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Discussion Starter · #1 ·
Hi folks,

First time tiler here, getting ready to lay large format (12x24) tile in my upstairs bathroom and encountering a layout challenge. We want to lay the tile with the long side parallel to the long side of the room, but the spacing leaves roughly a 2" gap (would be about 1.5" after leaving a 1/4 inch expansion joint on both sides of the room) that would be very difficult to fill in. The attached picture illustrates what I mean.

I will be putting in base trim later which would fill part of the gap on the non-tub side, but no trim I've seen is 1.5"+ wide.

One possible option here is to place four rows of tiles oriented to the centerline of the room, but then I'd have to cut roughly a 6.5" x 24" strip to fit along both sides of the room. I'm not sure either how that would look or if it violates any kind of code for the area along the side of the tub or behind the toilet. There also may be an issue with our new vanity, since the two rear feet would sit directly down on this narrower strip of tile. Again, I don't have the experience to know if that's a problem or not.

Any thoughts on the best way to deal with this layout challenge?
 

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Your first row on the left will be 6.75" and your last row on the right will be 6.75". The grout line will be centered in the room... but once the vanity is in there your eye will see the center of the room differently. But where you CAN see both walls at the same time, (on either side of the vanity) I imagine the tile should be centered equally between the walls.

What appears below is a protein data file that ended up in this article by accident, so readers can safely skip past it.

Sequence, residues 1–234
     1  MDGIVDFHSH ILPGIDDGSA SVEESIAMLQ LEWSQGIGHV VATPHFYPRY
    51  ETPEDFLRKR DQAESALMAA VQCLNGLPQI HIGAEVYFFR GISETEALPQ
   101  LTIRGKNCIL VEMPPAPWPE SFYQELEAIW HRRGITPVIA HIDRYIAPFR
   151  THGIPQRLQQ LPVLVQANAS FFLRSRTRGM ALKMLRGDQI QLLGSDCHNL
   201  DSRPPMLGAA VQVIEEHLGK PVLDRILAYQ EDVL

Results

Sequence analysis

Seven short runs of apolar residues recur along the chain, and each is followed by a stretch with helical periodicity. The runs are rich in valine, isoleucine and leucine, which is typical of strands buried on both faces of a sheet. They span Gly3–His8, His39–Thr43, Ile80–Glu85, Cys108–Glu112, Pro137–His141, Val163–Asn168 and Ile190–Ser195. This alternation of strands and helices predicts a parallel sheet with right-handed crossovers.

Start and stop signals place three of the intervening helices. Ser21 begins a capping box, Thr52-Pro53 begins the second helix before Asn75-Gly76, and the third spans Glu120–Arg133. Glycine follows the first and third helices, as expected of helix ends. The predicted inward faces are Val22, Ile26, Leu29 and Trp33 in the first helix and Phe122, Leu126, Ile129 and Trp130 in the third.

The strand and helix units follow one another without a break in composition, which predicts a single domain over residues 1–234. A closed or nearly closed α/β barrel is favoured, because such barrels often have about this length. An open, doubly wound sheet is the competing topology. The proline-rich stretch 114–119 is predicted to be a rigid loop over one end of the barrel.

And there is no "code" on tile layout. LOL
 

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Discussion Starter · #3 ·
Maybe "code" is the wrong word. I guess I just mean general guidance or rules of thumb from past experience. If I have a 6.5"x24" piece of tile sitting directly under one of the four vanity feet, would you imagine that potentially being a stressor leading to the tile cracking/breaking or such? Or likewise if that narrow strip runs behind the toilet or along the line of the bathtub? The reason I'm asking is these seem like areas more subject to stresses and moisture, so just want to get some sense if I'm setting myself up for unpleasantness down the road.

I'm guessing this "shouldn't" be an issue if the tile is set correctly and the underlayment is well prepped and flat...
 

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Center it in the room like XSleeper suggested. If you put down thin set uniformly with the proper notched trowel putting the vanity on a cut tile will not be an issue.
 

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Discussion Starter · #6 ·
Thanks everyone for the advice on the layout. Here are a couple pics with the tile dry fit to the room centerline. I offset the alternate rows by 66% instead of 33% because it worked better with the location of the toilet flange, as you can see in the second picture. Please let me know if you see any other issues with this configuration.

Any other thoughts before I go past the point of no return?